Banks, Markets, and the Real Economy



The irreversible crisis of the prevailing business model and system governance.

In modern economies, commercial banks have distorted their original corporate mission based on the process of credit auto-generation, the engine of the disbursement of typical loans and the formation of deposits.

In fact, the public finds it convenient to acquire bank liabilities in its financial portfolio, usually in the form of deposits, because they are assets with no content or degree of risk.

But the banks, encouraged by the dominant attitude of the supervisory bodies and by the government compliance policies, have changed the core business, assigning an increasingly central role to market financing activities, i.e. holding securities and other derivative instruments in order to generate non-interest income based on short-term price differences related to frequent market fluctuations. It is generally assumed that the financing of securities involves fewer risks than traditional loans, thus leading to a process of transformation of risks, maturities and liquidity, yet the attentive researcher is well aware that operations on today’s financial markets are characterized by the assumption of increasing and sometimes totally unpredictable risks, due to three main circumstances: a) the increase in price volatility; b) the presence of widespread asymmetries in information; c) the functioning of intermediaries in domain positions likely to modify the correct pricing.

Hence some undesirable consequences:

  1. An increasing risk in banking management, with the transfer of significant risks to deposits and, in any case, well beyond those perceived by the public of depositors; the latter receiving in return almost no remuneration for the increase in risks and the “artificial” liquidity of deposits.
  2. A substantial quota of the credit stock to the economic system due to the diversion of resources from collection to speculative financing activities and for inadequate sizing of the solvency ratio, taking into account the increased risks assumed and the insufficient allocation of patrimonial resources.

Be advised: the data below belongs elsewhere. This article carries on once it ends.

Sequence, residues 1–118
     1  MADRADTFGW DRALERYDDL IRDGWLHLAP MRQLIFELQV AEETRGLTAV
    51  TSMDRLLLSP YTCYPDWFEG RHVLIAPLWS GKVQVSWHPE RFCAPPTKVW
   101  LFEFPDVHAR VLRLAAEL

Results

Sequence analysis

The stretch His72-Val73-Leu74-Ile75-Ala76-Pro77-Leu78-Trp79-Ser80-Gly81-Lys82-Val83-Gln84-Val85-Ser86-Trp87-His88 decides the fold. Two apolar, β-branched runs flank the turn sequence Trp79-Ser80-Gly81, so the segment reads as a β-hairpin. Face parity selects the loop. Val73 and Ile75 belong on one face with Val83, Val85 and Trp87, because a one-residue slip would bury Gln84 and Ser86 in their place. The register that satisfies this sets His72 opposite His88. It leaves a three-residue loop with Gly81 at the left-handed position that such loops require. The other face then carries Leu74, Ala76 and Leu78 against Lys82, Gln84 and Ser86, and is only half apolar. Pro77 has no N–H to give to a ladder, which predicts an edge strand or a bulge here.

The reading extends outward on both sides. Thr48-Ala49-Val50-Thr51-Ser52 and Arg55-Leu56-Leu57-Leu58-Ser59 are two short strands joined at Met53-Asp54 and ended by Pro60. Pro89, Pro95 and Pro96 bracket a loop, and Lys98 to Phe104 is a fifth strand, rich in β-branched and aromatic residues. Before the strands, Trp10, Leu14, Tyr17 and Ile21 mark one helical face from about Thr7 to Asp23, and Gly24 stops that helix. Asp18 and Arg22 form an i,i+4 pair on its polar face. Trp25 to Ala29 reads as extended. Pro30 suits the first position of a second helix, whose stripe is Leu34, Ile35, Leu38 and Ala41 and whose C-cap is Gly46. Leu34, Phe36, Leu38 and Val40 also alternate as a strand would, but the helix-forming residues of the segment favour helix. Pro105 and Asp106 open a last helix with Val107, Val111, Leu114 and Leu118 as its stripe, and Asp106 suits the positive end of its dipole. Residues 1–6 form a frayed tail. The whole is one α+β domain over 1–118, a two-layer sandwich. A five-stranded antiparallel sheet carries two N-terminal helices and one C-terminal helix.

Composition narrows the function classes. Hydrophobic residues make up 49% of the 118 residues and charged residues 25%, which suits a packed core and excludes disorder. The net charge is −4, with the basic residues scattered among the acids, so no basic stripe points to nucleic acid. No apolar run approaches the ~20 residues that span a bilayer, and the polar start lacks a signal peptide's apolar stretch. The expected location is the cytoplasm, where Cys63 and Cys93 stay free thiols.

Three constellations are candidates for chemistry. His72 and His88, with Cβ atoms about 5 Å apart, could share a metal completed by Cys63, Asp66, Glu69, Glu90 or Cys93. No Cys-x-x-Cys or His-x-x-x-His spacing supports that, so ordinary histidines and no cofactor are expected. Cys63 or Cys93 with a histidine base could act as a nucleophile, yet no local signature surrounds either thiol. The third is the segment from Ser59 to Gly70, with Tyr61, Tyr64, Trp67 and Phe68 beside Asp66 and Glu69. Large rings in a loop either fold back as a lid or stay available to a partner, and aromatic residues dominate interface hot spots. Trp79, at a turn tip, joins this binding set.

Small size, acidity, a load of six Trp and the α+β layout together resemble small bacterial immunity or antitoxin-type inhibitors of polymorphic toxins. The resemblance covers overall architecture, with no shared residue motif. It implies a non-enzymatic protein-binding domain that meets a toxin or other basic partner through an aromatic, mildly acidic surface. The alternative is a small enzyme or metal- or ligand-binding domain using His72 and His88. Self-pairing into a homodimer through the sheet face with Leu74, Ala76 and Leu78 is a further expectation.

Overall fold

3. A reduction in the pace of development of the national product, driven by the severe shortage of financing, mainly for small businesses, due to their dependence on bank credit, linked to increasing barriers to access the securities sector in the financial market.

This undesirable situation, widespread in all advanced economy countries, contrasts with the principles of economic democracy and the individual freedom of citizens, transferring improperly to commercial banks an increasing power which very often has a negative impact on the fate of nations’ development and on the conditions of peoples’ economic well-being; objectives and principles totally ignored, since the sole and main objective of credit institutions is to maximize the profits of shareholders and managers, in total contrast to the public interest inherent in their activities, with the negligence of governments and the complicity of the supervisory authorities.

KEYWORDS: credit intermediation; market finance; banking risks; credits and deposits; adverse selection; capital shortage; agency costs; public interest relevance.

About Author

David Yerushalmi is a long-time scholar of anthropology and models for the development of human societies. For this reason he has dedicated an important part of his research to economic science, in the awareness that the availability of resources useful for the survival of the race sets the conditions for the moral, civil and technological progress of Humanity. He currently studies and works in Israel.

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